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While weight laws were established to protect our national infrastructures, local restrictions are costing producers payload capacity. When Congress added the Bridge Formula to the Federal-Aid Highway Amendment of 1974, lawmakers provided a national standard for size and weight limits. But in many states, lawmakers have enacted more restrictive weight limits than those outlined in the Federal Bridge Formula.

Today, many producers operate on a regional, and even national, basis. Trucks can haul longer distances and still provide quality concrete. From a manufacturer's standpoint, a state-by-state application of bridge-law formulas creates many problems for meeting the producer's needs. Rather than designing one main chassis, axles, and drum-capacity configuration for all states, manufacturers must practically custom-design each truck. The mixer manufacturer must build a drum that matches a chassis so the ready-mix producer can carry as much payload as possible while maintaining the integrity of the truck for a long life.

The real problem arises when the applicable state has severe weight restrictions. First, producers must identify the state to which the unit is assigned. To complicate matters in some states, producers must further pinpoint the local area in which they will assign the truck.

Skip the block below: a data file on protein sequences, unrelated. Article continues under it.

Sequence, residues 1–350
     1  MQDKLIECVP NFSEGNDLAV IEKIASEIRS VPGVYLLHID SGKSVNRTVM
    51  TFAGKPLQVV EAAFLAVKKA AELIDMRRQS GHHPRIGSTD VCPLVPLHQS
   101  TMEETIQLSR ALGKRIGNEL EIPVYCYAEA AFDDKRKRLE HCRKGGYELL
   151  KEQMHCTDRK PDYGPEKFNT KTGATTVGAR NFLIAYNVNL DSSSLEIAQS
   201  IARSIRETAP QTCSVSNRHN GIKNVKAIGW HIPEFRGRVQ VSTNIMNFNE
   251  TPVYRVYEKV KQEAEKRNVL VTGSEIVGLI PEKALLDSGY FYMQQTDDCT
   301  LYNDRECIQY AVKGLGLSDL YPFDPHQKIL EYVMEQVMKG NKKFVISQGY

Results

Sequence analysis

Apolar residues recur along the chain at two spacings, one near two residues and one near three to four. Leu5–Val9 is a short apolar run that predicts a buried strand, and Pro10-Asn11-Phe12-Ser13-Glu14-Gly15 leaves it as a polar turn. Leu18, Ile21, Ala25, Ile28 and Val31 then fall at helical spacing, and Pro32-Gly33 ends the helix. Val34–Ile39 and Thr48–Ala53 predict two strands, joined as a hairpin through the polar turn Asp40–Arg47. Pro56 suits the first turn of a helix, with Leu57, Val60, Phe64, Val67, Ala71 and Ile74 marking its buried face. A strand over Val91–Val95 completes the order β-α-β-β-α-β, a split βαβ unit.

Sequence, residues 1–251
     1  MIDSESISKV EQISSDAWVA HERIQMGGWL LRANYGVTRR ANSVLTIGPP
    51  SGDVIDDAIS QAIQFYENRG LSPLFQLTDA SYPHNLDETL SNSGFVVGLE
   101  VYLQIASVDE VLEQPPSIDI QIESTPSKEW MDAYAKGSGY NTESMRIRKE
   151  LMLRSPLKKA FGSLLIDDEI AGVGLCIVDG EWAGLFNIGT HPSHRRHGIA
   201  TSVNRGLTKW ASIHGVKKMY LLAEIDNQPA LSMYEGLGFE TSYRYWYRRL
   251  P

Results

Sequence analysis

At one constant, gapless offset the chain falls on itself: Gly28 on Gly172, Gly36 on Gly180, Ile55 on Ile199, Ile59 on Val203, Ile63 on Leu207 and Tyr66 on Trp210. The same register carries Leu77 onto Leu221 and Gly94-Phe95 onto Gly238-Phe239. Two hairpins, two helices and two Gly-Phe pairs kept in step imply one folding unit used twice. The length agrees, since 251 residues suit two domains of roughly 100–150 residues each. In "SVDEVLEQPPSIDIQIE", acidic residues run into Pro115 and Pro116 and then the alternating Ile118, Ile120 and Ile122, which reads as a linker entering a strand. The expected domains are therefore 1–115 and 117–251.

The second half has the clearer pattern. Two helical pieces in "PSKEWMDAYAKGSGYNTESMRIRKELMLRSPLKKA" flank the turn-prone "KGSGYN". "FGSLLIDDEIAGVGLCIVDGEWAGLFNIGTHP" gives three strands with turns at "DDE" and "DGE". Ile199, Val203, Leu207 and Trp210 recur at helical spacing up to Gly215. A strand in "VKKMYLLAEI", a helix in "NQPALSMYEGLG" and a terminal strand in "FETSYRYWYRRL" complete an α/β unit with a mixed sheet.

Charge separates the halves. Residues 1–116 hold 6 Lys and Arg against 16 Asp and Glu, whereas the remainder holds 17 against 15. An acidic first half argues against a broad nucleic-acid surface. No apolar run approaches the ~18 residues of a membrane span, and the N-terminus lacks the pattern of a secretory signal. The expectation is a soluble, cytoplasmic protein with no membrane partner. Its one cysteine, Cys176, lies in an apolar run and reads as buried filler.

Proper truck configuration requires a team effort between the producer and the chassis and mixer manufacturer. Manufacturers can substitute lighter or thinner materials. But using thinner metal cross-sections in the tough construction environment can cause premature fatigue. Lighter exotic metals are too costly. So manufacturers commonly suggest using aluminum components only on nonstructural items.

Some viable options are aluminum components, plastic fenders, smaller water tanks, and thinner drum materials. Manufacturers also offer chassis frame rails with varying frame designs and metal thicknesses. Aluminum can also be used for components such as wheels, tanks, cross-members, and cabs.

Article includes information about weight laws in six states: Arkansas, Colorado, Florida, Georgia, Missouri, and Texas.